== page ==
Friday, March 20, 2009

Experts in the Industry: Sam Eder (53 of 45)

Sam Eder, CMO of Small World Labs, is a good guy. A funny guy -- one that doesn't take himself too seriously. I first met Sam as he was planning for a social media shootout panel last year at the Enterprise 2.0 Conference that he put together for Sam Lawrence of Jive, Michael Wilson (CEO of Small World Labs) and Rob Howard of Telligent. What validated Sam's good sense of humor (along with cementing my appreciation of him) was the video that Sam did with Michael.

Since that time, I've gotten to know Sam better since we now live in the same city (Austin). We've had the chance to get together at the local social media breakfasts, weekly networking events and most recently at SXSW. If you haven't had a chance to meet Sam yet, you should definitely consider following him on Twitter.

Before you do, let's first find out what Sam had to say about the five questions in the Experts in the Industry series:

In one sentence, please describe what you do and why you're good at it.
I think I'm good at combining my passion online social technologies and offline networking (especially events with open bars) to market Small World Labs.

How did you get into the world of online community, social media or social marketing?
My first foray into social technology was when I was hired in 2000 to be a marketing specialist for Apple's Learning Interchange (ALI) - an online community for educators. I watched ALI grow exponentially and was indelibly marked by one concept: It may be ok for "experts" to tell you something but it doesn't mean as much as it would coming from a peer.

If you had $10 million to invest in one company and one company only based on their use of "social," which company would it be and why?
Assuming that I can't write in Small World Labs here (which I would in a heartbeat), I'm not exactly sure whom I'd pick. While there are a bunch of success stories out there, I'm not seeing anyone who embodies the full promise of "social" from product to marketing to operations.

Which business leader, politician or public figure do you most respect?
Based on the use of social media alone, I'd have to go with Barak Obama. In social media circles we talk about conversations and transparency esoterically (at worst) or campaign by campaign (at best) but he is actually turning the philosophy into high-level policy. While I may not agree with everything he does, I appreciate the manner in which he is using technology to open up government to ongoing conversations with the public. I hope that there are CEO's and MBA program's all over the country taking notes about this model of corporate communications.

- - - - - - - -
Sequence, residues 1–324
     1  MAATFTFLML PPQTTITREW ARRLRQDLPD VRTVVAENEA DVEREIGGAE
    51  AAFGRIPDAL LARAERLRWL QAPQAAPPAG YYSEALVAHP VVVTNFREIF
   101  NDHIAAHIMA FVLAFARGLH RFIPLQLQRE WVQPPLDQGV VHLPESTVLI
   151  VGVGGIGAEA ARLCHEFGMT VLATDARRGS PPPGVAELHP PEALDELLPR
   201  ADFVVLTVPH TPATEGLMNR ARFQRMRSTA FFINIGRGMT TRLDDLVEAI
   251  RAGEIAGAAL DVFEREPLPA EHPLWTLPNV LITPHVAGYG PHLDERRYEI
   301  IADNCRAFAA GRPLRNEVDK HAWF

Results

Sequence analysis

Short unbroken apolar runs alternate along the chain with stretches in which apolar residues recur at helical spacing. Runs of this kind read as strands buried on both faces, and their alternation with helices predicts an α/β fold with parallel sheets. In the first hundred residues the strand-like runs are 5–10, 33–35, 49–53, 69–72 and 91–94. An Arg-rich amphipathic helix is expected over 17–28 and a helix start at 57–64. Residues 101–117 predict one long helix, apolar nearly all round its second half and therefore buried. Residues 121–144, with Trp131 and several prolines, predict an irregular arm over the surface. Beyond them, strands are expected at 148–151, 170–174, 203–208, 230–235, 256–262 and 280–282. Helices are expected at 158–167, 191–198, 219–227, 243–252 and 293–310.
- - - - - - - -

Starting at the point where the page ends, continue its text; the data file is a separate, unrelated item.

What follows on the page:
Would you join a toothpaste community? Why?
While I love talking about social media marketing strategies, it would be the same as listening to me talk about toothpaste to my mom (who, to this day, still can't explain what I do for a living). So, yes, not only would I join, but I participate in "toothpaste" communities ALL THE TIME. A good community should never be judged by its subject but by the passion of its members.

Nothing fires me up in the morning more than knowing that we are helping organizations put together vibrant and passionate communities online, regardless of size and subject matter.

My Social App of Choice (bonus question)
I'll be unoriginal but I'll pick Twitter but for an odd reason. I love twitter because it embodies the simple truth of the social web: You don't need a ton of bells and whistles, at the end of the day all you need is the ability to connect with people and share your thoughts.

Free Form
There is not a day that goes by that I'm not amazed at the quality of my peers in this industry. That said, every week meet/read someone who is claiming the mantle of social media guru that clearly is not. These folks hurt not only the medium but also our businesses. For that reason, I'm on a quest to stop using "web 2.0" buzzwords and talk about social solutions in terms that impact business, such as customer retention and acquisition. At that level, it is much harder for flimflam artists to subsist on theory and force them get down to real business measurements. Who is with me?

1 comment:

  1. PS- While I was not nominated for an Oscar for my work on the video, I have been called "the Terrence Malik of E2.0".